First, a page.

effort, our friend and ally will succeed.
Let me say that the Turkish people can count on America to remain
an active trade and investment partner. A key part of my job is
to bring vision, energy and a strong commitment to expanding trade
in the global economy. And I can tell you we have several special
programs designed to promote new trade opportunities in Turkey.
Last year, for example, we worked with Congress to set up the Appalachia-Turkey
Trade Initiative to increase bilateral trade and investment between
Americas Appalachian region and Turkey. And for our exporters
we have the Caspian Finance Center in our embassy in Ankara, which
opened for business in 1999.
Were also very supportive of efforts to develop a network
of new oil and gas pipelines in the Caspian region. Turkey is a
big player in this, and should benefit greatly as these projects
develop. I understand the Baku-Tbilisi Ceyhan project is now in
the commercial phase. This is great news and we look forward to
the construction, completion and success of the pipeline.
Were also happy to see that Kazakhstan is getting involved
in the project, and were working with all the players to make
it happen. The recent gas pipeline deal in the Shah Deniz field
is good news, too.
All this will not only enhance political and commercial cooperation
in the region, but it also will strengthen our energy security here
Bush Administration Trade Policy
Clearly, our aims in the Turkey must fit within the broader outline
of our trade policy agenda
one that leans heavily on the promotion
of open markets. This administration is strongly committed to liberalizing
global trade for three important reasons:
this approach promotes economic growth. Its no coincidence
that the past 18 years of sustained growth in the U.S. economy have
coincided with a strong push to break down barriers to trade around
the world. Our exports accounted for one-quarter of all economic
growth during the past decade and jobs in the export sector continue
to pay 15 percent more than the prevailing average wage.
free trade promotes freedom. As President Bush has said:
"Economic freedom creates habits of liberty. And habits of
liberty create expectations of democracy." The history of the
past century shows that freedom will flourish as nations grow wealthier,
and their people see improvements in education, health care, and
access to information and knowledge. And there is no clearer example
of this than Turkey.
And finally, open markets and liberalized trade promote communication,
understanding and opportunity, all of which contribute to the security
Setting Trade Policy in Motion
This administration now has a trade policy framework in which to
operate, and the next step is to put it into effect. The first thing
we must do is secure presidential trade promotion authority from
Congress, which will allow the representatives of the President
to negotiate and move forward with opening markets and increasing
opportunities. Each of the past five U.S. Presidents has had this
authority to negotiate far-reaching trade agreements. President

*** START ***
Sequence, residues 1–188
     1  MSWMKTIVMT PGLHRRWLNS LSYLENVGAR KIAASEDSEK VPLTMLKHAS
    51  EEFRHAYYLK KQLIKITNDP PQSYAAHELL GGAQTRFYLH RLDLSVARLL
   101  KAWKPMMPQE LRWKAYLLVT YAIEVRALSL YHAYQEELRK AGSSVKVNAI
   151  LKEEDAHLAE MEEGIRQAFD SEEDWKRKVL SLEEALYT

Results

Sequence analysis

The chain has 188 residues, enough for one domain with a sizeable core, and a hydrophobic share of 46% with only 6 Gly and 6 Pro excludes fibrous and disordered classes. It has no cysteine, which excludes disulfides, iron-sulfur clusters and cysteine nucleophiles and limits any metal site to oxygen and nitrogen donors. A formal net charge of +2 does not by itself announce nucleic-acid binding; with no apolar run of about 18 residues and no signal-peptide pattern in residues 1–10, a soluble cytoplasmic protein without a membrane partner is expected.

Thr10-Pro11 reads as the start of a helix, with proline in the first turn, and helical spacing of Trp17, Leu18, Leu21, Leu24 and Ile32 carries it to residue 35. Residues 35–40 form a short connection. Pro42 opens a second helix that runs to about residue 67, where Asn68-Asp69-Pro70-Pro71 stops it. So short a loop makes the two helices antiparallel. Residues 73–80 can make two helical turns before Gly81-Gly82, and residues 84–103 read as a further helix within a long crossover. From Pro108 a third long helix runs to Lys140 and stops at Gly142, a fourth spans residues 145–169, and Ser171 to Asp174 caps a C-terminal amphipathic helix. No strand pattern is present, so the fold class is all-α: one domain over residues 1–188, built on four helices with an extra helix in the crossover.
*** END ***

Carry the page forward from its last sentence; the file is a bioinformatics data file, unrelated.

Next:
Bush needs it, and we have gone to Congress to get it.
And the sooner Congress acts the better, because our negotiators
have a lot on their plates. We must launch a new round of global
trade negotiations in the WTO, of which Turkey is a member; work
closely with the European Union to fulfill the promise of a stronger
Trans-Atlantic marketplace; and seek market openings and trade expansion
in the Asia Pacific and elsewhere around the world.
Trade Opportunities and Change
considering the changes brought by freer, more open trade
regimes, we have to understand that even with all the benefits promised
and many delivered that change brings with it a fear of uncertainty.
Im sure that whether we are talking about people in this country
or in Turkey, we see the same reaction. Its very human.
Here at home, President Bush has offered a comprehensive program
to address the concerns of Americans in these changing times. What
it amounts to is getting the economic fundamentals right and improving
our educational system so that every American can compete. His proposed
education reforms will better prepare our children for the economy
of the future; tax reforms will allow Americas workers to
keep more of what they earn in an expanding economy; and Medicare
and Social Security reforms will provide a secure retirement for
those who have already made their contributions to our economic
I look forward to swift action on the Presidents program.
We are already seeing that on the tax package
and all in the
administration stand ready to work with Congress to get the job
done as quickly and as efficiently as possible.
Let me close on this. These are very exciting times. Developments
in information technology and transportation are changing the way
we do business and, in some cases, changing business altogether.
The distances and wariness that often kept peoples and nations apart
are slowly but definitely disappearing and hands are extending across
borders and oceans
These are also very challenging times. And in challenging times
I believe it is best to create the environment that allows the genius
and ambition of the entrepreneur and worker to flourish. That is
where the economy is grown, and the jobs are created. I believe
we are seeing this approach in Turkey, and the Bush administration
will actively pursue that path.
Thank you for allowing me to spend this time with you this afternoon.